Known for her artful pop theatricality and retro-soul sound, British singer Paloma Faith has garnered both critical acclaim and chart success. A distinctive presence on the London cabaret circuit for several years, Faith eventually broke into the mainstream with her 2009 debut Do You Want the Truth or Something Beautiful?, which cracked the U.K. Top Ten. She has remained a vibrant pop presence, hitting number two in England with both 2012's Fall to Grace and 2014's A Perfect Contradiction. Following her 2015 Brit Award win for Best Female Solo Artist, she landed on top of the U.K. album chart with 2017's The Architect. Paloma Faith Blomfield was born in 1981 in Hackney, London to a Spanish father and English mother. Interested in dance from a young age, she studied ballet growing up and eventually earned a degree in contemporary dance at the Northern School of Contemporary Dance in Leeds. She also pursued an MA in theater directing at Central Saint Martins College of Art and Design. Around the age of 18 she began performing on the cabaret scene, singing covers by idols like Etta James and Billie Holiday in a band dubbed Paloma & the Penetrators. She also worked as a magician's assistant, sang as a member of a burlesque troupe, and even turned down an opportunity to join Amy Winehouse's band. She began writing and performing her own material and eventually earned a reputation as one of London's more flamboyant cabaret acts. It was during this period that she caught the attention of a management company who helped launch her career. In 2009, Faith released her debut album, Do You Want the Truth or Something Beautiful?, on Epic Records. Her single "Stone Cold Sober" reached number 17 in the U.K. charts and helped the album climb to number nine. Meanwhile, she also appeared on Basement Jaxx's album Scars and Josh Weller's debut. She also garnered attention as an actress, playing Andrea the Emo in the comedy film St. Trinian's and appearing as Sally in Terry Gilliam's The Imagination of Dr. Parnassus. Following her 2011 BRIT Award nomination for "British Female Solo Artist," Faith returned with her second studio album, 2012's lush and cinematic Fall to Grace. Produced by Nellee Hooper (Gwen Stefani, Massive Attack, Björk), the set debuted at number two on the U.K. charts, led by Faith's first Top Ten single "Picking Up the Pieces." She also earned two more BRIT Award nods for "Best British Female" and "Best British Album." Her third album, 2014's A Perfect Contradiction, was an upbeat return to her early soul sound, featuring a star cast of songwriters, including Pharrell Williams, Raphael Saadiq, and Diane Warren. The album spawned six singles including two Top Tens with "Can't Rely on You" and "Only Love Can Hurt Like This." Having debuted at number two on the U.K. charts, A Perfect Contradiction ultimately achieved double-platinum status. In 2015, Faith won her first BRIT Award for British Female Solo Artist. In the wake her success, Faith continued to broaden her creative and commercial scope. She launched her own management and publishing company and returned to acting, taking on the role of Tinker Bell in the TV movie Peter and Wendy. She also signed on as a judge for season five of The Voice UK in 2016. That same year, she gave birth to her first child, a daughter. In 2017, she returned with her fourth studio album, the Jesse Shatkin-produced The Architect. Included on the album were the singles "Crybaby" and "Guilty." Also featured were guest appearances by Samuel L. Jackson, John Legend, and others. The album debuted at number one on the U.K. albums charts. The following year, Faith released the Zeitgeist Edition of The Architect, featuring some additional tracks, including "Lullaby" and "Loyal." She began work on her fifth studio album in 2019, with a release date for early 2020 in mind. However, after COVID-19 enforced a global shutdown, she began reworking and re-engineering the album on her own. The resulting Infinite Things arrived in late 2020 and featured songwriting collaborations with Faouzia, MNEK, Josef Salvat, and others.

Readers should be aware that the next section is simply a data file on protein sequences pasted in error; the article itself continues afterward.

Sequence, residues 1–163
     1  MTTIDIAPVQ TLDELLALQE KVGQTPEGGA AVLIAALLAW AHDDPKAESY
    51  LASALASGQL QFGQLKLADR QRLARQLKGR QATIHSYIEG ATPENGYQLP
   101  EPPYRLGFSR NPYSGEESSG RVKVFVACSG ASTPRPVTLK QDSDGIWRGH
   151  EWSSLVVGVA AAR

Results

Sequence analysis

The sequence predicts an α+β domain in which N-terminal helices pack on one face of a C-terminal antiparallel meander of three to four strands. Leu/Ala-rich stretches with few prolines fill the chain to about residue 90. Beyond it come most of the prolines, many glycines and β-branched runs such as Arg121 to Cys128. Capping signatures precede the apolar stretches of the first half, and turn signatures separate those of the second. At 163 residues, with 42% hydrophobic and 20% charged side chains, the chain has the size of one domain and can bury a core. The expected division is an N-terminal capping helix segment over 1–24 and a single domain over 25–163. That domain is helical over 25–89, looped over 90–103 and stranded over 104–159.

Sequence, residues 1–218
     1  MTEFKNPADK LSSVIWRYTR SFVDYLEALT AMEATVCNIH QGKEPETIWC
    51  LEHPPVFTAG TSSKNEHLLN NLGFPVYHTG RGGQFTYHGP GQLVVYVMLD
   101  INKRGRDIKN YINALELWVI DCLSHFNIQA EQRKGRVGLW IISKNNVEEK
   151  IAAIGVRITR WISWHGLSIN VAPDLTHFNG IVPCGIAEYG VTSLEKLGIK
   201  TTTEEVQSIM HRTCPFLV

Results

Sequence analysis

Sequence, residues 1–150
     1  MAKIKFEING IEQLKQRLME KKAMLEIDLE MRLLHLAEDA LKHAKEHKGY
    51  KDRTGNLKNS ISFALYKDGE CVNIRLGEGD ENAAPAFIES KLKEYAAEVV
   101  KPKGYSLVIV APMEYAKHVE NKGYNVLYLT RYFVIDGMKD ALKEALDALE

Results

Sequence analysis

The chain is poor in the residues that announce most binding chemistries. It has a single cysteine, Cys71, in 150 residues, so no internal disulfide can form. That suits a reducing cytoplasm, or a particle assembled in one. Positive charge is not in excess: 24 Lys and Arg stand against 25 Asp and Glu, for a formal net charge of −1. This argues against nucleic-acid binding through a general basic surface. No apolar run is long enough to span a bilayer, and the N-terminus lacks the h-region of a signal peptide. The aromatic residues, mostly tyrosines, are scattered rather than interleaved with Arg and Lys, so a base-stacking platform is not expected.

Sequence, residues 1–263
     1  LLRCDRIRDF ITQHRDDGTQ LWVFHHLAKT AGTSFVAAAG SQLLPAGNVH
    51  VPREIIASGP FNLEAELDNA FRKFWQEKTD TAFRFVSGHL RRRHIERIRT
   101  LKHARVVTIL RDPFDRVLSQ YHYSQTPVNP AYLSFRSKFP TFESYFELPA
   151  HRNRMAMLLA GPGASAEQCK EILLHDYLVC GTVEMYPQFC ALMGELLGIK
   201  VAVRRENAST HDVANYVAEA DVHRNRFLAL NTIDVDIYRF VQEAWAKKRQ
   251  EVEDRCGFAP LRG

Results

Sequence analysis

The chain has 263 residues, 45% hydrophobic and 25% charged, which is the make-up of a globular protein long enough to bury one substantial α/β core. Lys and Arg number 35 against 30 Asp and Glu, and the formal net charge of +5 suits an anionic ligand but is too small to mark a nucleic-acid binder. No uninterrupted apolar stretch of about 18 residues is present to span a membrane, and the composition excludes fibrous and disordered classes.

© Matt Collar /TiVo